Australian journalist Jackie Gill and photographer friend Debra Mitchell, along with a group of Aussie friends, found much to love during their recent visit to France.

Part of their five week stay included a portion organised by a Frenchwoman, Pascale Gerson, who lives in Australia and has a passion for introducing her home country to visitors through her popular "Visit My French Village" tourism venture.

The Aussie contingent enjoyed a stay in a property on the outskirts of Bordeaux – which prompted the opening paragraph of this story – and then a week in Brittany. The wonderfully rustic accommodations were once the oxen stables of a large 13th century chateaux which still looms on the landscape behind the chestnut trees.

The accommodations are a short wander to the town of La Chapelle-Caro; and a only a few more steps in other directions to other, equally delightful little towns. Most of the pathways wind through woodlands, or along the side of century-old canals. A half hour walk takes the thirsty visitor to another of the tiny enchanting French villages, with a pub which looks over the canal. It's very easy to settle in and enjoy a vin rouge in the afternoon sunlight.

"Every distant vista has a steeple. From every road there is a horizon cut by green forest and field, and brown paddocks ploughed and ready for planting and, everywhere the evidence of people. Houses – small and large and sometimes enormous – dot the countryside and everywhere there are villages; towns that are home to sometimes a handful of houses and sometimes thousands.

Throughout the country identical houses jam the road sides, dressed in shades of cream and light yellow with high sloping v-shaped roofs of slate. It's hard to go five kilometres without passing through another enclave; many appear to be un-named and unknown as towns to anyone but those who reside there. We have learnt how to tell the difference. True villages are defined by the churches around which all are built. And what churches they are. With Roman, Gothic and Medieval roots they soar above the centre of the town with arched windows and high oak doors. Located in the centre of each village, usually near the town square, and almost always, we have noticed, with a cat, their bell towers pierce the sky, and stone or slate, the steeples make their mark on the horizons of the French countryside."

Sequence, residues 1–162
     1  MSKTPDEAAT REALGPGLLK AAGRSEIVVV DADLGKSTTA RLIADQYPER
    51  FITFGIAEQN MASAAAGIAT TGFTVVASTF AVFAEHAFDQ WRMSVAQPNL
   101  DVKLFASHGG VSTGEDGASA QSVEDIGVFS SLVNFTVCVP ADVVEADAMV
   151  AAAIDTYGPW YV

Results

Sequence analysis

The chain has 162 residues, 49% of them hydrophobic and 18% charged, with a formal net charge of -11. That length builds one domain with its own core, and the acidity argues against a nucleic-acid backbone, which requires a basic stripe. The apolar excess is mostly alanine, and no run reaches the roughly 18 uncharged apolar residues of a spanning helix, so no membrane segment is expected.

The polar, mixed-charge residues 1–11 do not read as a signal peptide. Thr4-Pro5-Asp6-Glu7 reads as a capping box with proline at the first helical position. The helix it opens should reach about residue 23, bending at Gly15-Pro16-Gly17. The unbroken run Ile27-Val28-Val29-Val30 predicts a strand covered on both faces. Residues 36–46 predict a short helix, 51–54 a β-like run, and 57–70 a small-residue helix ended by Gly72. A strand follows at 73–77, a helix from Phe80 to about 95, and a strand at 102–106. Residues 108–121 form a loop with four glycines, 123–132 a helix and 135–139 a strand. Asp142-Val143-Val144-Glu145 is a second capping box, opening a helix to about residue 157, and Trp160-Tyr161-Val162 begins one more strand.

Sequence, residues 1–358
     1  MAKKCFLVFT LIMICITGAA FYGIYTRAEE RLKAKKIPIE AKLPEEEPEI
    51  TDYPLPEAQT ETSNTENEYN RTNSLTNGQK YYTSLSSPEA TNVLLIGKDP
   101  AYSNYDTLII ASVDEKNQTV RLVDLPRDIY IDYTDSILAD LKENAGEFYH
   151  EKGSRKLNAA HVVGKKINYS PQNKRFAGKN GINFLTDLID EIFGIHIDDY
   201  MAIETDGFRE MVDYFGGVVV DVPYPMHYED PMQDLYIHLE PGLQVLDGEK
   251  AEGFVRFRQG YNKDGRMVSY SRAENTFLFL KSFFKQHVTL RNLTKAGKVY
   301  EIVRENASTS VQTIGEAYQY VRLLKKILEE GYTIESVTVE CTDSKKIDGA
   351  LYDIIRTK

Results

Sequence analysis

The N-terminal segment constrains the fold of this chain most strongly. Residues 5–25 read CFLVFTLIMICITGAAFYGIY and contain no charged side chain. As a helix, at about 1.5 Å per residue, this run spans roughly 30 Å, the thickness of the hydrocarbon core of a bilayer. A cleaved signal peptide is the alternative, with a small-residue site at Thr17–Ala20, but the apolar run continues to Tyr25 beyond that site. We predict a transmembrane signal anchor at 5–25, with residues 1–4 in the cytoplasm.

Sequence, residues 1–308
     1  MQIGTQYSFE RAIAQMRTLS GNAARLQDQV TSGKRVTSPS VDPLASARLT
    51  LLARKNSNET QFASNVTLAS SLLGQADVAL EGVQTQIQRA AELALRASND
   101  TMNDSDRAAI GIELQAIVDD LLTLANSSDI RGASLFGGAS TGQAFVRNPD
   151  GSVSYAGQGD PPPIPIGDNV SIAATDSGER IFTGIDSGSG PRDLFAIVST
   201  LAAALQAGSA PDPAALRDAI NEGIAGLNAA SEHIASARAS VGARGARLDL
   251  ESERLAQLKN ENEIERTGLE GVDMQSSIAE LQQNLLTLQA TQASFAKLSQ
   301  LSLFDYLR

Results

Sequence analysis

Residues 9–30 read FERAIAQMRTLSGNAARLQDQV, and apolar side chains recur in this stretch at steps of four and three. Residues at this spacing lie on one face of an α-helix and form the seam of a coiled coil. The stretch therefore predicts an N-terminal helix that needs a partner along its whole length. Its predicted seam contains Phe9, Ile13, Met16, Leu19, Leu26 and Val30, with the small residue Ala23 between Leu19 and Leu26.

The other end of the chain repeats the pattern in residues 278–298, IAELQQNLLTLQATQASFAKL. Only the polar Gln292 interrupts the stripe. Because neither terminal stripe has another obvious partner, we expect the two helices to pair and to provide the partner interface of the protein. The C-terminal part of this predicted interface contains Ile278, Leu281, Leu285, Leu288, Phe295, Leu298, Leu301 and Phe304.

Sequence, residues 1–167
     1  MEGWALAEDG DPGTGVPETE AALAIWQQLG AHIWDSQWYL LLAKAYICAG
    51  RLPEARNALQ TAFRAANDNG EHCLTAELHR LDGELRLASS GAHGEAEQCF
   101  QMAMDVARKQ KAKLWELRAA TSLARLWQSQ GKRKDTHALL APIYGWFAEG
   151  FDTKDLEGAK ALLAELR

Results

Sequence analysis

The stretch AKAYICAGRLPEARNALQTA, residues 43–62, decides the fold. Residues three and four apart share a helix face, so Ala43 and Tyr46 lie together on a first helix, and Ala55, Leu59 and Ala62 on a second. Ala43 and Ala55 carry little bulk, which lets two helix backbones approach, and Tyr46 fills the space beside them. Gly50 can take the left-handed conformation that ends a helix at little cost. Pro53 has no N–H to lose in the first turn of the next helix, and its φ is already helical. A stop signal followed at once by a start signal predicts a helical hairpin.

From the accommodation the visitors ranged across Brittany; exploring ancient megaliths and standing stones; oyster beds at the wide, clean beach; staring awe-struck at Mont St Michel in the afternoon light; wandering through a forest called Broceliande where Merlin the Magician is said to have died.

Pascale's promise is that visitors to her "French Village" will get a taste of the real France. That was certainly the case. With its crepes and apple and its cider and corn fields; its window boxes full of geraniums it was a glorious experience. "Visit My French Village" organised the accommodations, pick-ups and drop-offs and all the little extras that ensure a brilliant, hassle free experience for the visitor.

http://www.visitmyfrenchvillage.com.au/

 

Journalist Jackie Gill writes a blog called The Blue Hats (www.thebluehats.holiday or FB The BlueHats).

Images: as supplied.

Feature supplied by: www.wtfmedia.com.au

Images

1 Walking along the canal at Le Roc-St-Andre

2 Small village of Montertelot

3 Montertelot drinking with the locals

4 Josselin medieval town

5 Café in a small village in Brittany

6 Local market in Malestroit